This week's sponsor

Turn Touch

Beautiful Control


‘Unlock 1Password’ Is the Latest Training Course from The Sweet Setup

The Sweet Setup has been on a roll lately with developing video training courses for some of the best iOS and Mac apps the App Store has to offer. Following similar deep dives into Things, Day One, and Ulysses, today they're launching a new course called 'Unlock 1Password.'

1Password has long been considered the premier password management solution on Apple platforms, but many users may only scratch the surface of what it can do, or they're simply hesitant to trust it with their most secure data. 'Unlock 1Password' takes users of varying experience levels into account, covering key features of the app, an overview of the product's security levels, ways it can be used alongside iCloud's own Keychain feature, and more.

In total, the course includes a whopping 14 videos, all of which can be downloaded for offline viewing if you'd like.

  1. Overview of 1Password for Mac
  2. Overview of 1Password for iOS
  3. Why You Can Trust 1Password
  4. Which Version is Right for You?
  5. Installation and Setup
  6. All the Things You Can Store in 1Password
  7. Working with Vaults
  8. Using the Browser Extension
  9. How to Perform a Security Audit
  10. Using 2-Factor Authentication
  11. 1Password for Families and/or Teams
  12. Using 1Password Alongside iCloud Keychain
  13. How to Sync 1Password Across All Your Devices
  14. Understanding Backups

I've relied on 1Password for years, but there were still things I learned from the course, such as how family and team plans work, and the process for setting up 1Password as a two-factor authentication tool. This is one of the things I especially appreciate about The Sweet Setup's courses: even when they cover apps that already have an important place in my life, I benefit from finding even more ways to put those apps to use.

As with the recent video courses from The Sweet Setup, 'Unlock 1Password' is launching at a special introductory price of $23, which will increase to $29 after a week. You can purchase the course here.



RapidWeaver 8 Debuts Redesign, New Responsive Themes, Unsplash Support, and Improved Plug-In Management

RapidWeaver by Realmac Software got a significant update today. Starting from scratch or with one of over 50 Themes, RapidWeaver allows users to create highly-customized websites by offering a wide array of tools and properties that can be tweaked. The app also supports third-party plug-ins and Themes that can be used to extend the app even further.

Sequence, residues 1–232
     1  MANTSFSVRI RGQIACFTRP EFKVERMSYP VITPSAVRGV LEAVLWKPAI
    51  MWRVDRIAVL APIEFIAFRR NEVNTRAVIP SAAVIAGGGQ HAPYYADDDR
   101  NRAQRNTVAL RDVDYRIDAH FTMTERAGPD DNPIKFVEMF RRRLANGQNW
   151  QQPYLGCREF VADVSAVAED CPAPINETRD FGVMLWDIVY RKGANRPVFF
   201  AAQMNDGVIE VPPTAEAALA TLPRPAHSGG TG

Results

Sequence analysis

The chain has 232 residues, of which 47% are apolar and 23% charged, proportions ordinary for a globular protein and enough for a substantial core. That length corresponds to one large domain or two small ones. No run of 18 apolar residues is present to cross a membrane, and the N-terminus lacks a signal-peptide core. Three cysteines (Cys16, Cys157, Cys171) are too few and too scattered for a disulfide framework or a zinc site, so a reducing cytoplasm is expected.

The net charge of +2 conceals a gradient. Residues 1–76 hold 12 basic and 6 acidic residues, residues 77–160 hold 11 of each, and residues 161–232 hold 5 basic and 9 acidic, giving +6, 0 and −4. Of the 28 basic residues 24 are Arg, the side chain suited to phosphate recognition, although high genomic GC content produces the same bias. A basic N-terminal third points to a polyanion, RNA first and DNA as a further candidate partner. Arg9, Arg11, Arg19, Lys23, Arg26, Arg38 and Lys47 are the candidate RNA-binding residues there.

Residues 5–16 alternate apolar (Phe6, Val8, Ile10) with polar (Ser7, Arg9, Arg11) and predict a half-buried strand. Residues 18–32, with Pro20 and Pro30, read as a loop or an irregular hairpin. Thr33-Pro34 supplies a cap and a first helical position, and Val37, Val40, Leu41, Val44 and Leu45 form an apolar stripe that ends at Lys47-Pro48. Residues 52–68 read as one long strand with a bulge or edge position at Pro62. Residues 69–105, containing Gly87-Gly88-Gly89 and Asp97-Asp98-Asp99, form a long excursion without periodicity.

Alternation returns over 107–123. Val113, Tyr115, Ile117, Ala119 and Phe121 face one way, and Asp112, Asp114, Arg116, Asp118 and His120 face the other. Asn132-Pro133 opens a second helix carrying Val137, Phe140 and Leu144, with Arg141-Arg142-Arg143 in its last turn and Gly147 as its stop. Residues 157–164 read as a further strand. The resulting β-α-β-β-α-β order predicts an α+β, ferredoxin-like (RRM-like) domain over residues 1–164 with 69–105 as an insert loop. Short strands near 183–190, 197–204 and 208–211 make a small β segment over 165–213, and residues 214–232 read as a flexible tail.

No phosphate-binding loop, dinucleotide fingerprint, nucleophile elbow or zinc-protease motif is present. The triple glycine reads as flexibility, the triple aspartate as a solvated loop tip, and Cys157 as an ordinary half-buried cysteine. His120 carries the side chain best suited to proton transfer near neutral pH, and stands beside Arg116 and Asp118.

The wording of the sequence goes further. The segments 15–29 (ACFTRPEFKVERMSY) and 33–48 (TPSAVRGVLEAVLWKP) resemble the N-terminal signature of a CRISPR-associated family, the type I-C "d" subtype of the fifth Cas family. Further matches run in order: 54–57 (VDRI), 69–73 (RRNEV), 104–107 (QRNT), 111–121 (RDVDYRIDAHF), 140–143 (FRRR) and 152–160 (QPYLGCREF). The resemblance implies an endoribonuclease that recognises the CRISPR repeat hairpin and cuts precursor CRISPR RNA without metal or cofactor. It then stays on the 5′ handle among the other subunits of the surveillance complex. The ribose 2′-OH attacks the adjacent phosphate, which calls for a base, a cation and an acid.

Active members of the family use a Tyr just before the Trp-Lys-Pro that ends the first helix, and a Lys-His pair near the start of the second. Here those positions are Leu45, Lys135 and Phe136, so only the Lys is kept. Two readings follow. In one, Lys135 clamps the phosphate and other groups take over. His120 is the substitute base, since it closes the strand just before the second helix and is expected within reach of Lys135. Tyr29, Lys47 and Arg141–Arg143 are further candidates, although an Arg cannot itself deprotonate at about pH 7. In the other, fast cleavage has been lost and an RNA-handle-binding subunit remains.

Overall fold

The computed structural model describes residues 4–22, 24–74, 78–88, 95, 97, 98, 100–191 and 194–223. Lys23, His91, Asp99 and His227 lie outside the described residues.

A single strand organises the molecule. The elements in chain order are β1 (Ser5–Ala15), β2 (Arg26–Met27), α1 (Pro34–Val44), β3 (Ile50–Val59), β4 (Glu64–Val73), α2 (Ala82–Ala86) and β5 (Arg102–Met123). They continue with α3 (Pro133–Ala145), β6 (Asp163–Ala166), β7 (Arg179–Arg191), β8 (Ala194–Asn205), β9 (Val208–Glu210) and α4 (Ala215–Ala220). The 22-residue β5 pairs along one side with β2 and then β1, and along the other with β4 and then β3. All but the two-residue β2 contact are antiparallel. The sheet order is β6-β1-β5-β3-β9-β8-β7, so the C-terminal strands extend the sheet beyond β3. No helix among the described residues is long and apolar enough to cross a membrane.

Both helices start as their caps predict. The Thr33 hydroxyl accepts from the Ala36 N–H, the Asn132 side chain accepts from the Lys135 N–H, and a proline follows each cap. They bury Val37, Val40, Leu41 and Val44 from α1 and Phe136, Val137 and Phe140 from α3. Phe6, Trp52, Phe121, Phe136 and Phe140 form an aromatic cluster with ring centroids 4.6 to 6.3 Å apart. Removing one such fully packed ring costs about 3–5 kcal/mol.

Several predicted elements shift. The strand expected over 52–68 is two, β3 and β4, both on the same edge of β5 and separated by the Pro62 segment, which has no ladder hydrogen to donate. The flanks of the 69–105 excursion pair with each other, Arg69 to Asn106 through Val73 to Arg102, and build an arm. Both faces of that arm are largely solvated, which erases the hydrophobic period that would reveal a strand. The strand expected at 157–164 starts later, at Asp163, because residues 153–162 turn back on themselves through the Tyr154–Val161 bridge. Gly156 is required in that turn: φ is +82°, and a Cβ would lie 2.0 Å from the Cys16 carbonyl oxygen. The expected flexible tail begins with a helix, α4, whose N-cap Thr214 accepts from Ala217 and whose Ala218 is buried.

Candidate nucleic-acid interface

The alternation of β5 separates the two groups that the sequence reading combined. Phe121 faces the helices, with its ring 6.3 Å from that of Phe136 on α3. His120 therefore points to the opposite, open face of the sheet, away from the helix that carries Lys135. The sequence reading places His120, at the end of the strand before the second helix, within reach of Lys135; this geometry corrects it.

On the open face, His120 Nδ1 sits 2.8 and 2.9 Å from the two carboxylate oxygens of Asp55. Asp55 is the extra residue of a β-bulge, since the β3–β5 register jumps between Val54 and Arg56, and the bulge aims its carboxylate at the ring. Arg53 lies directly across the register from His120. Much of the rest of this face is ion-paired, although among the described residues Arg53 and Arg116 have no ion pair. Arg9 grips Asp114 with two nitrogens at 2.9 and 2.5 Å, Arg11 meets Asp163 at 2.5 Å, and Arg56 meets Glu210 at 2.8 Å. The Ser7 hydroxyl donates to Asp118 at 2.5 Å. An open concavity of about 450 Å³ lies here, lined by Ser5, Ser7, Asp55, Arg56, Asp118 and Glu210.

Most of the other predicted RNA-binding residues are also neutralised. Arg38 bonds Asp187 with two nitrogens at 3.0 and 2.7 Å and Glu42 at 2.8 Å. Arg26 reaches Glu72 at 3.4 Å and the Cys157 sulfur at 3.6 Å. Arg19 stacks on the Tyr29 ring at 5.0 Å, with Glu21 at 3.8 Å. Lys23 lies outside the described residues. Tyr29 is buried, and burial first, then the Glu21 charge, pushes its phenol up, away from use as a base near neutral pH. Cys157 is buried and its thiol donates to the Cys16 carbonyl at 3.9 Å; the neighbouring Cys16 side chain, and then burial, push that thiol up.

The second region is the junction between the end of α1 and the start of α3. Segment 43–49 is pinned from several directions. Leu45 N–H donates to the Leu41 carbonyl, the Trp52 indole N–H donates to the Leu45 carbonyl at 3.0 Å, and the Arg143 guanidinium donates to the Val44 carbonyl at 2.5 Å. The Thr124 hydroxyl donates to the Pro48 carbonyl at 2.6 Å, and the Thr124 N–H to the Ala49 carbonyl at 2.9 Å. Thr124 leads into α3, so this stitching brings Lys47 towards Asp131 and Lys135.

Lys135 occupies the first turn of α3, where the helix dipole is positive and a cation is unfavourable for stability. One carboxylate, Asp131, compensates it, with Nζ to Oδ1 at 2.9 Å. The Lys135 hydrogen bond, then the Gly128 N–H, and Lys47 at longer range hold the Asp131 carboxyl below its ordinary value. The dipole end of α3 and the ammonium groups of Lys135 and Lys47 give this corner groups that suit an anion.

RapidWeaver may remind you a little of iWeb, but the similarities end with the drag and drop, template-driven approach. The depth of RapidWeaver goes well beyond what iWeb could do before Apple discontinued it.

Read more


Apple Removes iOS 12 Beta 7 Over-the-Air Update

Close on the heels of reports that Apple had pulled Group FaceTime from iOS 12 beta 7, complaints about the beta’s sluggish performance began to surface. One of the first was from Guilherme Rambo who posted a short video on Twitter demonstrating how slowly the App Store app launched under the beta:

Rambo also predicted Apple might remove the beta, which it did a short time later:

The latest iOS 12 beta is no longer available as an over-the-air update via the Software Update section of the iOS Settings app. However, IPSW files for the beta, which can be installed via iTunes on a Mac, are still available from Apple’s developer portal. In light of the issues reported with the beta 7, if you haven't already installed beta 7, it’s probably best to not download and install the IPSW files, until a more reliable version is released.


Group FaceTime Pulled from Initial iOS 12 Release

Apple has removed Group FaceTime chat from the latest iOS 12 developer beta. The feature, which was debuted at WWDC and described as being able to handle up to 32 simultaneous users will come later this fall according to Apple’s beta release notes:

Group FaceTime has been removed from the initial release of iOS 12 and will ship in a future software update later this fall.

This delay isn’t the first time that a feature announced at WWDC has been moved to a later point release of a major iOS update. Last year, AirPlay 2, Messages in iCloud, and Apple Pay Cash all missed the initial release of iOS 11.

I’m not surprised Group FaceTime needs more time. I haven’t used it extensively, but in a late July test with four participants, it was clear that it had a long way to go before it was ready for release.


Serial Reader Adapts Books for the Smartphone Age

Our Internet-driven society has seen a decline in book reading, though not necessarily a decline in reading altogether. Despite book readers being less common than in past decades, we all do a fair amount of reading each day on our smartphones – reading messages from friends, or tweets, emails, Facebook posts, notifications, articles, and so on.

Personally, I've always enjoyed reading books, and I continue to read them regularly – though not as much as I'd like. However, I also read an abundance of emails, tweets, messages, and articles every day. A day may pass with me not reading a book, but that never happens with the likes of email and messages. Part of the reason my Internet-driven reading habits are more consistent than my book reading habits is that I have to read those things to do my job. But there's another reason too: email and Slack demand my attention each day via push notifications, while books do not. Add to that, emails and messages come in bite-sized quantities, whereas books are much longer, and thus more intimidating.

Serial Reader aims to fix that.